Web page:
Tuesday, 19 May 2009


Well, the Obama administration has announced that our cars are going on a severe diet. Environmentalists are elated. It seems that Detroit is as well, because the new national standards will preempt any state standards.

As we’ve noted before, Detroit should have developed much more flexible manufacturing processes long ago, they shouldn’t need a single national standard to shoot for.

Further, the politics of this move are absurd. What is the logic of a democratic government requiring manufacturers to build the products the public wants least? If the public wanted more fuel-efficient cars, it would simply buy them. Deciding that they should have more efficient cars and having the government eliminate the models they prefer so as to not tempt them, is a bizarre approach to responsibility. Another word that comes to mind is inanity.

If I Were King, I should tell them to eat cake, and to visit their favorite bakery in whatever car they choose to own, maintain, and operate.

Monday, 18 May 2009

Sensible conscience clause

President Obama, in his commencement speech at the University of Notre Dame yesterday, said he supported a “sensible conscience clause” for medical professionals to refuse to perform abortions, and presumably other procedures, which they found to contradict their ethical and moral beliefs.  The exact terms of such a clause weren’t stated, but despite my normal belief that the convictions of the individual should guide their own actions rather than external considerations, I have to oppose this.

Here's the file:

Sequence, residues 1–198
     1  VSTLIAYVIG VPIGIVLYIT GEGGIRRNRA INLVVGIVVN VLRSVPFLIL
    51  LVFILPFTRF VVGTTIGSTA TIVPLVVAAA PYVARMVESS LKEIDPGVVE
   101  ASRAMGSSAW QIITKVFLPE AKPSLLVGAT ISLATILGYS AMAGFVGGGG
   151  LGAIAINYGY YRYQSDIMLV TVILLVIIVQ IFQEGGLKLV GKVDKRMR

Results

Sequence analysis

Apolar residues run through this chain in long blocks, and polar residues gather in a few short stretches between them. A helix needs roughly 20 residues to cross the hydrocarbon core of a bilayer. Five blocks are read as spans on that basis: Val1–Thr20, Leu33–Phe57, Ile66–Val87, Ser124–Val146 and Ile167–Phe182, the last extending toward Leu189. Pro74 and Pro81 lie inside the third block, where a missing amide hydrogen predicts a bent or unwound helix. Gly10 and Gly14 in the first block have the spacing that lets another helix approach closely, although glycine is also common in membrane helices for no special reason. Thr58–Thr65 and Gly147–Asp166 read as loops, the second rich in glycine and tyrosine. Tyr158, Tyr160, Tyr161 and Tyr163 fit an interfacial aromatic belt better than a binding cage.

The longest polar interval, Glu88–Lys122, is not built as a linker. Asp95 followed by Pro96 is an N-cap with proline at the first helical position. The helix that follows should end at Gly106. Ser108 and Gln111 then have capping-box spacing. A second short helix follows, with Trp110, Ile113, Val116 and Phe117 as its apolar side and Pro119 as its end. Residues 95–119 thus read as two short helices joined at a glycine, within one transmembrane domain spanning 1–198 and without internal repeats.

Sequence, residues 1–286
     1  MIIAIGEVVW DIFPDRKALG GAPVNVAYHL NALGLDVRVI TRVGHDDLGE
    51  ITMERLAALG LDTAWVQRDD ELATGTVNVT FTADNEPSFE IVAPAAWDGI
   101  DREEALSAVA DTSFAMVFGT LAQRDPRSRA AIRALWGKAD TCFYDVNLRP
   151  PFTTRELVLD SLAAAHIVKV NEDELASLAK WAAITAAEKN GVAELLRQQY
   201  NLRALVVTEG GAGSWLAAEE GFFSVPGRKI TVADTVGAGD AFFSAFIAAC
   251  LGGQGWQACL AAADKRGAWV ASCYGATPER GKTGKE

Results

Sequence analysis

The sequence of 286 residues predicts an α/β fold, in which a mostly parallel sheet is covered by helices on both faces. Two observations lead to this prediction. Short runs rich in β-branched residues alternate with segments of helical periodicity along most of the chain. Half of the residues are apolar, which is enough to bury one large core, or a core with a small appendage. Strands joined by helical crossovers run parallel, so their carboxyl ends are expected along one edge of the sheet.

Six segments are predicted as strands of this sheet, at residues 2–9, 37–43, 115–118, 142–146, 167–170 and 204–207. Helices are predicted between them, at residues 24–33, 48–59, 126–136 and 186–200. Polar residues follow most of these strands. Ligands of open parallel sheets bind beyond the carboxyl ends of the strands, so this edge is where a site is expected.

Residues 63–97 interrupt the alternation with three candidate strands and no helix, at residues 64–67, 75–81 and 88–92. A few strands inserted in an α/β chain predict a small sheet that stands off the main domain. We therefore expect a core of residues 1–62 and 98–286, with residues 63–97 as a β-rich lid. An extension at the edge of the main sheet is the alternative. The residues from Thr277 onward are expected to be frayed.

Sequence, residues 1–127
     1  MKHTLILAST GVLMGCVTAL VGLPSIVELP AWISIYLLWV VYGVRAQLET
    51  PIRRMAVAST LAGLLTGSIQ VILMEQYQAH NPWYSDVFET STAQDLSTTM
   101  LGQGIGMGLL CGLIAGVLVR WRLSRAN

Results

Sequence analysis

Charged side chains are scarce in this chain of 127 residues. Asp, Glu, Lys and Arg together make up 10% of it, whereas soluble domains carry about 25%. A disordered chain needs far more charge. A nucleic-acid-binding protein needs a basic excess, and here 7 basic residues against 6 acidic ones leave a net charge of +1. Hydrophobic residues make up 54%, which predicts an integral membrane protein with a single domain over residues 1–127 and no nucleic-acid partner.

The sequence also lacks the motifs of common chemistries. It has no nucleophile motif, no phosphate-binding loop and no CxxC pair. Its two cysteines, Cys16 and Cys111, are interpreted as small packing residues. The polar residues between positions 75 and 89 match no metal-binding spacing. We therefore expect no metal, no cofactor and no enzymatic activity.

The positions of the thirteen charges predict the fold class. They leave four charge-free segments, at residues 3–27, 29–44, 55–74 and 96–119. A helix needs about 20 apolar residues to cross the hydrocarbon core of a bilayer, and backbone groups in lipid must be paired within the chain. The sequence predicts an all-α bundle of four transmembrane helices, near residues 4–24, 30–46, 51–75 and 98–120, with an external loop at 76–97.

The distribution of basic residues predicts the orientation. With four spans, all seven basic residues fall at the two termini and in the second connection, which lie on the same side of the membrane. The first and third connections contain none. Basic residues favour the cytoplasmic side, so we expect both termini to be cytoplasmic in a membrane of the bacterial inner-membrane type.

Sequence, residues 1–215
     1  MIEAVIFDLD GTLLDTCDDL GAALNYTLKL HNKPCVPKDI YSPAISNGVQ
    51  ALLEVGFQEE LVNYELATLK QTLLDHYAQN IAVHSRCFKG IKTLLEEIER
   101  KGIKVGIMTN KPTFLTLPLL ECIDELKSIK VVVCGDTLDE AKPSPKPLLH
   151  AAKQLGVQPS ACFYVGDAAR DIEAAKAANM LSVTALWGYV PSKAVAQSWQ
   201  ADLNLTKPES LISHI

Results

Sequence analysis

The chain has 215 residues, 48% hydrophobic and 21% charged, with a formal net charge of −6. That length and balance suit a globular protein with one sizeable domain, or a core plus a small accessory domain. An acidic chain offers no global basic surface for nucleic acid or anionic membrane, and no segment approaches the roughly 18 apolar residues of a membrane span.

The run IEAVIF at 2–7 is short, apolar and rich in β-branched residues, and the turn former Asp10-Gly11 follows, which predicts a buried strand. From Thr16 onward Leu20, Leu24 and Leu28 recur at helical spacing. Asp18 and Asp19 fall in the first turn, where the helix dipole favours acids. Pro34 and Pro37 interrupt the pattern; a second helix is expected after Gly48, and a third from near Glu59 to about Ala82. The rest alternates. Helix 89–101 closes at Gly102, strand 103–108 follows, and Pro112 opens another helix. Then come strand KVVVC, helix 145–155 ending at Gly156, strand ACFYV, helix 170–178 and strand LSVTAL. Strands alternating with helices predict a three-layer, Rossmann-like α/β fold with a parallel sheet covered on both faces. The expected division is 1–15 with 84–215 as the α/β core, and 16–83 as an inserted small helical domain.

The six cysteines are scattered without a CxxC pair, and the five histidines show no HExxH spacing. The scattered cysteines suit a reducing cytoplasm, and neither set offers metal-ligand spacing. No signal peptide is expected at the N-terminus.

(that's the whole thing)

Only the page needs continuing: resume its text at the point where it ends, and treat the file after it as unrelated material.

That is not to say that a doctor shouldn’t be able to hang up his shingle and define his practice in any way that suits him. If a surgeon opposes abortion and decides to open a practice specializing in ophthalmology, of course he shouldn’t be expected to perform abortions. But if that surgeon went to work in a clinic that provided abortions, and then refused to perform them while drawing his salary, then that doctor should suddenly, and without ceremony or honor, find himself unemployed.

In previous invocations of this concept it has been suggested that pharmacists should be able to refuse to fill prescriptions for drugs of which they disapprove, notably the “morning after pill” abortifacients. But what if a pharmacist was of the opinion, apparently held by many otherwise-sensible persons, that ADD is not really a disorder and that treating it with drugs is wrong? Should that pharmacist be able to refuse to fill prescriptions for Ritalin or Concerta or any of the other drugs that make life with ADD manageable? The answer is no.  Federal law requires most drugs to be dispensed by pharmacists, and as such they are, in effect, a public utility and must not be able to impose their own standards on who can or can’t make use of their services.

I can certainly see a case for professional standards being maintained by physicians.  To say “I do not believe in abortion after the first trimester and therefore decline to seek the training to perform procedures to handle later cases” seems completely reasonable.  But, If I Were King, it would most certainly not be acceptable for someone to take a position that required certain work and then to refuse to perform it.

Saturday, 16 May 2009

No more tail

The car companies are up against the wall. They have to figure out how to make money in the third millennium, and at least a couple of them have to figure this out right smartly. On Thursday of this week UPS delivered notices to 789 Chrysler dealers letting them know they weren’t going to be part of the solution, the next day FedEx carried similar news to about 1100 GM dealers. Chrysler’s bankruptcy means they can make their terminations stick; GM will have a little more trouble if they stay out of bankruptcy, but that probably won’t change much. Even with strong state franchise laws, when the manufacturer wants to close a dealership they eventually will.